This is not simply splitting legal hairs -- the public sector reforms have put the end-user in the invidious position of having to reach a potentially complex decision without reference to all of this information, before the work actually starts, or they risk becoming liable.
4. Glossing over Employer’s NIC
The public sector reforms introduced the concept of a “Fee-Payer.” This is the person physically paying the PSC who is responsible for actually operating IR35 and deducting PAYE. Most PSCs obtain their business via agencies, and an agency is therefore typically the Fee-Payer.
HMRC adopts and justifies this approach because the Fee-Payer has the opportunity to deduct PAYE from the payment to the PSC. However, under the reforms, the Fee-Payer becomes the ‘disguised employer’ and is responsible for paying over employer’s NIC. There is no statutory right to actually deduct this employer’s NIC liability from the fee paid to the PSC. So where an agency is in the middle of a ‘disguised employment’ scenario, it bears the brunt of liability. So not the disguised employer, nor the disguised employee.
5. ‘The Fee-Payer must follow the end-user’s view’ (6.10)
This is a separate HMRC falsehood, exposed by the consultation document.
Since the April 2017 introduction of the new public sector rules, HMRC have insisted that the Fee-Payer is obliged to follow whatever conclusion the end-user reaches on IR35 status. This is not, however, how the legislation operates. Some agency Fee-Payers who disagree with the public authority’s IR35 status conclusion have, quite legally, not operated PAYE. This is unsurprising given the potentially unjustifiable employer’s NIC liability they would incur as mentioned above, not to mention the disharmony it would create in the relationship with their candidate by incorrectly operating IR35.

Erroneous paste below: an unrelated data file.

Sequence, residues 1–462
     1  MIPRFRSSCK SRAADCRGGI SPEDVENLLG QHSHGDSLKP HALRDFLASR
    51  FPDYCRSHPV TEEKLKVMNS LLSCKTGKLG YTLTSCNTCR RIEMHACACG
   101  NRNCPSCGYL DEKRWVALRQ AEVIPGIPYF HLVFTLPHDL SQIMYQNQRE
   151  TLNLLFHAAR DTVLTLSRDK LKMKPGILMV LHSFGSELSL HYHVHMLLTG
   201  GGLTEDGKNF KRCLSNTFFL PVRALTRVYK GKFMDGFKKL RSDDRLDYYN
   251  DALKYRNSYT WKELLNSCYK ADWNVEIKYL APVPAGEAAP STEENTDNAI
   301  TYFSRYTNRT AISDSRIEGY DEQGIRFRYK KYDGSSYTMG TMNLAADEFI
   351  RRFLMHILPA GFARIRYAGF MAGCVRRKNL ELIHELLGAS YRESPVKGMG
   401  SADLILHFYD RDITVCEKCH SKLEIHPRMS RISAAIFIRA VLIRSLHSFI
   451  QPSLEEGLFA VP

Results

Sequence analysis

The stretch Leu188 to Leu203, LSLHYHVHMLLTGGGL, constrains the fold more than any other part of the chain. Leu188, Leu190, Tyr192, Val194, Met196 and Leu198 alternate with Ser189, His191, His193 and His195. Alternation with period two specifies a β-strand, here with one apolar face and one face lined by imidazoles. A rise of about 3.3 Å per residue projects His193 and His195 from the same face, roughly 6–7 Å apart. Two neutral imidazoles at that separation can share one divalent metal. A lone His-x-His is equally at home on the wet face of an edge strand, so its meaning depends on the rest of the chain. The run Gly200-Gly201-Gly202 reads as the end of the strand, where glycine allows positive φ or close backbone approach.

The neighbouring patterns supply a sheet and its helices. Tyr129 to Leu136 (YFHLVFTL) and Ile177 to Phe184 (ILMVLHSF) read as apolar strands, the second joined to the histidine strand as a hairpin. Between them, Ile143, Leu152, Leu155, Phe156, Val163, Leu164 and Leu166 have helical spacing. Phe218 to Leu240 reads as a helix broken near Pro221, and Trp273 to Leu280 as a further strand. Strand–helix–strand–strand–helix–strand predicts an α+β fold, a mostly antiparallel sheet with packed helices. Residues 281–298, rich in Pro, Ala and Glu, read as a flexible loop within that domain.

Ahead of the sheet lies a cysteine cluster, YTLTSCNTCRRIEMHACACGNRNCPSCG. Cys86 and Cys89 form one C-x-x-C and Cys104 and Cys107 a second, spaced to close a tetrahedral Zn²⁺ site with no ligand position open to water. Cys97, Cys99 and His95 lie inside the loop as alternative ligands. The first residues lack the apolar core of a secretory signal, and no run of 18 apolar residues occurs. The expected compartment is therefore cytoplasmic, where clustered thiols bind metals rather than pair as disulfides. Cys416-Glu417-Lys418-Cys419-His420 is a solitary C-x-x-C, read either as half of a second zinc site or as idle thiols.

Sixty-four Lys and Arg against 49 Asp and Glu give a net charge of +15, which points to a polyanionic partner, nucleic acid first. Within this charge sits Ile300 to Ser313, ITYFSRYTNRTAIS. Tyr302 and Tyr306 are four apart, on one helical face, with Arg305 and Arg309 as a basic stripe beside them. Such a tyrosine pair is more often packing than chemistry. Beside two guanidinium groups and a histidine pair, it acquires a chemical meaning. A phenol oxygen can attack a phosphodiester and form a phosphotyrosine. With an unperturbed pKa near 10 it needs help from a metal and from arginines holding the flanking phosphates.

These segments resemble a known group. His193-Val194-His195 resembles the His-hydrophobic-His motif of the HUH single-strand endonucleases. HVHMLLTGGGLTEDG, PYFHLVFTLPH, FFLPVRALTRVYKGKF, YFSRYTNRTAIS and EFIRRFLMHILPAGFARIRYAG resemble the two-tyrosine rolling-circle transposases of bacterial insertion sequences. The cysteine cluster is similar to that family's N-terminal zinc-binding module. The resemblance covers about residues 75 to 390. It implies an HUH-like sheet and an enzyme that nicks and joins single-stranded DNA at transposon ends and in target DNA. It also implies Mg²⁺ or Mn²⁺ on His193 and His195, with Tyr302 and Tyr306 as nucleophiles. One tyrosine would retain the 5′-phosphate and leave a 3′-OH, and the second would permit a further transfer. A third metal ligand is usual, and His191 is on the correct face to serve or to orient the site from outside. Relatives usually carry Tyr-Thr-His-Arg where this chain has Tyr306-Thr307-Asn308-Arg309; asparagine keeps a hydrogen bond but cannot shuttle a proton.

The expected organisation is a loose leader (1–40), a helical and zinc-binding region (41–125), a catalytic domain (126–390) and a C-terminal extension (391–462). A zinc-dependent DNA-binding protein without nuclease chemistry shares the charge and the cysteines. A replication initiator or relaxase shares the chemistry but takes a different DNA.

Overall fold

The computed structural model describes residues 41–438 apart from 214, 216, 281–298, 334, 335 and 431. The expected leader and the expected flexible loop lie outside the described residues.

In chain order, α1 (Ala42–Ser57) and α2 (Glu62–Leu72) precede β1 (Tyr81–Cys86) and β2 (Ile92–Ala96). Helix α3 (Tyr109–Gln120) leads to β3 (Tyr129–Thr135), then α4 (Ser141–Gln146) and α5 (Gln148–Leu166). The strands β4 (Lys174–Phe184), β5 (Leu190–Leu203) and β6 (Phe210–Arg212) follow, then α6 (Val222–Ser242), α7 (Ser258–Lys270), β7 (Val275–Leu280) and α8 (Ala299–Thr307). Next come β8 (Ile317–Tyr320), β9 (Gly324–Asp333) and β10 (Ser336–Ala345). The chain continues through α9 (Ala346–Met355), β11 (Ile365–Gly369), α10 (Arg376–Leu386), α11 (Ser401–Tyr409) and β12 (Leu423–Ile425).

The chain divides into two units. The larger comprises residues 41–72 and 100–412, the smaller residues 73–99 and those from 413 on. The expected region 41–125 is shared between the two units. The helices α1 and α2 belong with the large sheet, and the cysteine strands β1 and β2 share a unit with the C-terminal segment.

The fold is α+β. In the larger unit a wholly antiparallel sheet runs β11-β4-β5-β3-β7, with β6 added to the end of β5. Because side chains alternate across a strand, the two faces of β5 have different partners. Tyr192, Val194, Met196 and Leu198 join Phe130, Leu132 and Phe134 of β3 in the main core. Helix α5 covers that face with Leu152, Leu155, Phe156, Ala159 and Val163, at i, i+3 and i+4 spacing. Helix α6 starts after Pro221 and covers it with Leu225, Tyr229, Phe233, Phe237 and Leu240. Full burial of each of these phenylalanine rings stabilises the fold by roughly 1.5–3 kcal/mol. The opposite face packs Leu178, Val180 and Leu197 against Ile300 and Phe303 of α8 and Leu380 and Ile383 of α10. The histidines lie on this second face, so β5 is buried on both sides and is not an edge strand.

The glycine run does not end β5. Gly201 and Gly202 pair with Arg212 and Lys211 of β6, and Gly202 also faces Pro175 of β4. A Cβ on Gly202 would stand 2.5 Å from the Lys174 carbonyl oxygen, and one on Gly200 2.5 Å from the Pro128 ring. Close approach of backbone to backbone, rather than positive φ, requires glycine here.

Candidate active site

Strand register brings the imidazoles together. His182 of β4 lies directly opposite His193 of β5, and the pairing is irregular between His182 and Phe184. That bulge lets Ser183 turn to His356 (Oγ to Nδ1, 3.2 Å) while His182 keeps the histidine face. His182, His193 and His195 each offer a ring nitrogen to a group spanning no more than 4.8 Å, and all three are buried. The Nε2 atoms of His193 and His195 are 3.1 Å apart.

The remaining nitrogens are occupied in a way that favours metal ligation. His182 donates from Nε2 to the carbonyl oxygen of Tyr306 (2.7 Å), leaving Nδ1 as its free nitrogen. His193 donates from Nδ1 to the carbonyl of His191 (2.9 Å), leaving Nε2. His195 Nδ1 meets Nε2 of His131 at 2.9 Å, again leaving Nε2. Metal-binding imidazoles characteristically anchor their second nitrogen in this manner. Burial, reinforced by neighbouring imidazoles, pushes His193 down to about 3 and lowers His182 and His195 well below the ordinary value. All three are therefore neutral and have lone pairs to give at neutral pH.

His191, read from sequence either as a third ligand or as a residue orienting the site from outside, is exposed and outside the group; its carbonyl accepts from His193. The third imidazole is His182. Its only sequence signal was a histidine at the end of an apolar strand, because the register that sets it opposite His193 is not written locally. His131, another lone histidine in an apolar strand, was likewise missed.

HMRC’s guidance states that the public authority decides if the rules apply, and the Fee-Payer must follow that decision. HMRC have asked some agencies to sign an undertaking that they understand they are obliged to follow the public authority’s conclusion, despite this not being law.
HMRC’s position on this important point is exposed by the consultation document. Question 8 asks whether the public sector legislation should be extended so that there is an obligation on the Fee-Payer to adopt the end-user’s conclusion. In consulting on this extension to the existing reform, HMRC are admitting that no such obligation currently exists.
I could go on…
The above is only a shortlist. It features just the clangers, five of the most fundamental flaws in HMRC’s private sector IR35 reform consultation. The list could be made much longer.
These ‘deficiencies’ behind HMRC’s ‘lead’ proposal are troubling in isolation; they are even more so when combined. Forcing a snap decision by end-users based on only partial information; dissecting the employer’s NIC liability from the decision-making process; providing no right of appeal or redress within the rules for ‘over-compliance,’ and providing a deficient status tool are a recipe for yet further IR35 disaster.